Reflectance spectral imaging is an efficient way of collecting millions of reflectance spectra over an area in one image cube (2D spatial and wavelength in the 3rd dimension). Remote VIS/NIR reflectance hyperspectral imaging can operate at large distances (tens of metres) at submm spatial resolution and high spectral resolution from one position on the ground regardless of the height of the monument/object. The main advantage of remote reflectance hyperspectral imaging compared with the remote spectral imaging system for large areas survey (PRISMS) is the high spectral resolution which allows the firm identification of a handful of pigments and dyes with sharp spectral features (e.g. cobalt pigments, anthraquinone dyes) in addition to those identifiable by the moderate spectral resolution spectral imaging system, PRISMS. It can give true colour images and images from any of the spectral channels and more importantly separating areas of different material composition. It can give material identification (both original and degraded material) to be confirmed with complementary techniques such as remote Raman/LIF spectroscopy and if appropriate remote LIBS. The images can also reveal faded drawings, writings and preparatory sketches, as well as areas of degradation and past intervention.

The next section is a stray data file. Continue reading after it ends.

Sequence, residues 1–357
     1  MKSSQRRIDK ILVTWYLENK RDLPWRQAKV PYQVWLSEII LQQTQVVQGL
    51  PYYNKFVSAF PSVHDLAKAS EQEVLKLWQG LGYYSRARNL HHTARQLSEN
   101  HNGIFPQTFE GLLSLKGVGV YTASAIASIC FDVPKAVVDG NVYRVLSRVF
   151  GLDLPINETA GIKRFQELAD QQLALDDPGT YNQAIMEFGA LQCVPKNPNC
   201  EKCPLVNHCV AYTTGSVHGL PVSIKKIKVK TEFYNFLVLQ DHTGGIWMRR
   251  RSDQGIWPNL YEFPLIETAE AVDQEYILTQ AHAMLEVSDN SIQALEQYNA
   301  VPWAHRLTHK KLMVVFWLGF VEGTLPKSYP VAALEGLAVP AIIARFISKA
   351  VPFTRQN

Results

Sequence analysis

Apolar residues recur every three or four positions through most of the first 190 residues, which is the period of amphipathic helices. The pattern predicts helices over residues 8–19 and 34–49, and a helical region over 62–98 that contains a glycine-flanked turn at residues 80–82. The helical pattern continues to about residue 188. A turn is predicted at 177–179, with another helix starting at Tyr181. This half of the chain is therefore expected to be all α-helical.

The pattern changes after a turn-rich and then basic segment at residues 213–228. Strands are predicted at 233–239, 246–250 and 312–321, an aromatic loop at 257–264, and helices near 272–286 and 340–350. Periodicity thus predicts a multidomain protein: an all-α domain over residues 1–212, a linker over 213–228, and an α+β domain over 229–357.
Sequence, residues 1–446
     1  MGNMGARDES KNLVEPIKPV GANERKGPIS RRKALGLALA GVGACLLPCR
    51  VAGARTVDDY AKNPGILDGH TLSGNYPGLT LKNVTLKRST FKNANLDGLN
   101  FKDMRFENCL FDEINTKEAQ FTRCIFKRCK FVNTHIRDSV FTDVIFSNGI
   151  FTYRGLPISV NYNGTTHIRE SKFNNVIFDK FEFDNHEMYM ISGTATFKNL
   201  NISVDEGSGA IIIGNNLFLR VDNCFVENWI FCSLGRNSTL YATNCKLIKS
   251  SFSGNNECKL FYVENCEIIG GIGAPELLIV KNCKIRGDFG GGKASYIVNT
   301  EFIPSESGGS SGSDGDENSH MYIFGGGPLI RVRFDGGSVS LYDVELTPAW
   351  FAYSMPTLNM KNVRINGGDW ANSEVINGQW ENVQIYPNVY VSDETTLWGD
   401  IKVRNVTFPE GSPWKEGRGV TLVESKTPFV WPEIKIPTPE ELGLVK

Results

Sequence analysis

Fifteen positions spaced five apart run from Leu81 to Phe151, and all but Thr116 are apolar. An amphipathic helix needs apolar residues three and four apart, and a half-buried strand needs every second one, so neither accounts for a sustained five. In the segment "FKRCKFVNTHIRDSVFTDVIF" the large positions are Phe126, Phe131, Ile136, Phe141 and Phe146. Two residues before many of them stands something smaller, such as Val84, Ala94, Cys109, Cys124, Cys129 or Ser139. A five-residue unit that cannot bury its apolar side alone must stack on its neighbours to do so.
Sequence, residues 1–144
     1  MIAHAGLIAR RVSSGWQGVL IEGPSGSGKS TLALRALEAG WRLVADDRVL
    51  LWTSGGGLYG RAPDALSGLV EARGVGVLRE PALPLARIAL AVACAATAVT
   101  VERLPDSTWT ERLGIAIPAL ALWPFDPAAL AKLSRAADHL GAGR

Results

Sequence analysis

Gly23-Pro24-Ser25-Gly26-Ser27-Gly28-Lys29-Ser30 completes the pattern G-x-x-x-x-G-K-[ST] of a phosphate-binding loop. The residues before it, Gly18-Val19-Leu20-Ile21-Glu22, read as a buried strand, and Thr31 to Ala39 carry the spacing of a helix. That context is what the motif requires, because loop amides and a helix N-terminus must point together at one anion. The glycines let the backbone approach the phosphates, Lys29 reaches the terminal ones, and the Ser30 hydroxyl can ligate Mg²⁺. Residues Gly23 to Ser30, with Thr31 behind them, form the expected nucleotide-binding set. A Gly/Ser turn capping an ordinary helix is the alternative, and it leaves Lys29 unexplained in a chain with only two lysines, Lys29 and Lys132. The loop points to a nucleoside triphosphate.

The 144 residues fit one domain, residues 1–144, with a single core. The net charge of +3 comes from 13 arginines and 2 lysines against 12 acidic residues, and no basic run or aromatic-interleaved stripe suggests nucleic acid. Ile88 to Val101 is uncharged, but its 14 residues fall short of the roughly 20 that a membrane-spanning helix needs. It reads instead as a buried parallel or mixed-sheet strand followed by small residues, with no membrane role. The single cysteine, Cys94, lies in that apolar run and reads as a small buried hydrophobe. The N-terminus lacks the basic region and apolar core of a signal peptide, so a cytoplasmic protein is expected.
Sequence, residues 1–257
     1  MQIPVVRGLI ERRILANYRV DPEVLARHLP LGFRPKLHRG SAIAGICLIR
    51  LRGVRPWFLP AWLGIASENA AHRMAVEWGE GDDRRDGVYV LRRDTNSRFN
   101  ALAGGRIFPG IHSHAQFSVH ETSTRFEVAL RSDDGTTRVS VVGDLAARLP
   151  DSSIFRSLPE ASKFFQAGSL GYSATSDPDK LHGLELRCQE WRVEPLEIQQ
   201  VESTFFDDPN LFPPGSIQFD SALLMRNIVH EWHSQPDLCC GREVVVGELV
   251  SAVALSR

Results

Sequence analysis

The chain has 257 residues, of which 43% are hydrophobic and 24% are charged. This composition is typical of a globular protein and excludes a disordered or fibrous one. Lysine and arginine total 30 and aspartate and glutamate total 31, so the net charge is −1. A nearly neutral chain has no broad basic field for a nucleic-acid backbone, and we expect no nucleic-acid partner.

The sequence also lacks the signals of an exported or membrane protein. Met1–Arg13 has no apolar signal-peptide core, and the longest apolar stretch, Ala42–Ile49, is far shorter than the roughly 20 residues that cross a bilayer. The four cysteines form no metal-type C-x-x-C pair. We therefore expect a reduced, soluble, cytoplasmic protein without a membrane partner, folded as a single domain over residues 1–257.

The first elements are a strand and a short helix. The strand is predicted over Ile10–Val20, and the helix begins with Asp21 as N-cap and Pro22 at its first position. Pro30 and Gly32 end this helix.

architecture, art, decorative arts, mosaics, painting, sculpture, textile
ceramics, stone, metal and metallurgical By-Products, pigments, dyes
wood, paper, textiles, dyes, organic pigments
The remote VIS/NIR hyperspectral imaging system operating over the spectral range 400-1000 nm with a spectral resolution of 2.8 nm consists of a spectrograph, a CMOS camera and a telescope. It collects spectra for one spatial line at a time in a pushbroom fashion using an automated pan/tilt stage. A Tungsten light with long range...